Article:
Facebook has been an effective way for me to share my work (which I offer mostly for free) with musicians who can use it. But now I have no idea who among my thousand or so Facebook friends sees what I post, or when. I might share this post on Facebook and see if anyone comments. Or not.

So I have been trying to spend more time away from the commercial parts of the internets, and spend more time with the things that really matter to me. It feels so great, for example, to have obtained enough piano technique to understand how great it feels to play Schumann on the piano.

As the world becomes more driven by the intelligence that is artificial, I feel less and less "connected." I also know that because of the "devaluation" of the blogosphere this post will only be read by people who know me or know my work. And that's fine. Actually, that is great.

Unlike "content creators" who need to generate enough "content" to remain visible and relevant, I am content (not a bad pun) to write what I want when I want (both music and prose), and have it be enjoyed for what it is by dozens--on or off line.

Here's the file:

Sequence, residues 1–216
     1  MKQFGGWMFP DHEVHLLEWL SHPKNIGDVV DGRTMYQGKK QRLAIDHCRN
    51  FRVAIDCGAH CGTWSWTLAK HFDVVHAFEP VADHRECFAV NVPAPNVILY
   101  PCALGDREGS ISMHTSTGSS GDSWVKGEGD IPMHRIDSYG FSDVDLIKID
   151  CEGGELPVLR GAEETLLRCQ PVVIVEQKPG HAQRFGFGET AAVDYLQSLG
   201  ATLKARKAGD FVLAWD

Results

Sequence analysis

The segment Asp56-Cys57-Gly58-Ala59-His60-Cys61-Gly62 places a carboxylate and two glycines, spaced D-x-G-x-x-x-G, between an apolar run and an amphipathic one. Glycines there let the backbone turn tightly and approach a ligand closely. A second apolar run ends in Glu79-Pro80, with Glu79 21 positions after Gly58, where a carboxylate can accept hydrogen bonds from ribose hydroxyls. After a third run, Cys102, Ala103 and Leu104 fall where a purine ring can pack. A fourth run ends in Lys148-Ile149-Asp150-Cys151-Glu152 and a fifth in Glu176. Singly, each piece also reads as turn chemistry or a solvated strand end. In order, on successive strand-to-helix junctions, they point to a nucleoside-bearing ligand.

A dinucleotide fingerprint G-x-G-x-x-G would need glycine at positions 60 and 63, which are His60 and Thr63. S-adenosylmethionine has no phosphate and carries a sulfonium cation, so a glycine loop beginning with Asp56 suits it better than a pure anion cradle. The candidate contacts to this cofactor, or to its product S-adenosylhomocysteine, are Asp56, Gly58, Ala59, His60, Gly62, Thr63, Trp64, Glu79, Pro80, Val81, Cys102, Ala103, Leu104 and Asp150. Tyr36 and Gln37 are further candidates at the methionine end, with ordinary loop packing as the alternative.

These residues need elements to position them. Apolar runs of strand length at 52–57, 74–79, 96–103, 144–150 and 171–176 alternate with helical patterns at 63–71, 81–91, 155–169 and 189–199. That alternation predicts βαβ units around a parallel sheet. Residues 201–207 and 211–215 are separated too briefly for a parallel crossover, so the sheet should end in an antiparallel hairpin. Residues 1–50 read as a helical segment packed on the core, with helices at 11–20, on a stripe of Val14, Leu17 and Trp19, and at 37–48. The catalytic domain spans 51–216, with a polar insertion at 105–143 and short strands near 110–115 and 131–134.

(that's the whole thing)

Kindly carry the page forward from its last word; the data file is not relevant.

Sunday, June 02, 2024

The germ of the musical Russian nineteenth century in two measures of Bach

I have noticed these two measures of marvelous chromatic movement every time I make my way through J.S. Bach's Well-Tempered Clavier, but this time I decided to document it and share my delight. Here are measures thirteen and fourteen of the tenth fugue of the first book.
You can listen to it played at a very leisurely tempo here. I hope you hear what I hear (and what I imagine Tchaikovsky, Borodin, and Glazunov heard as well).

And while I have your ear, make sure to check out this post concerning what Gershwin might have heard in the second prelude of the first book of the WTC.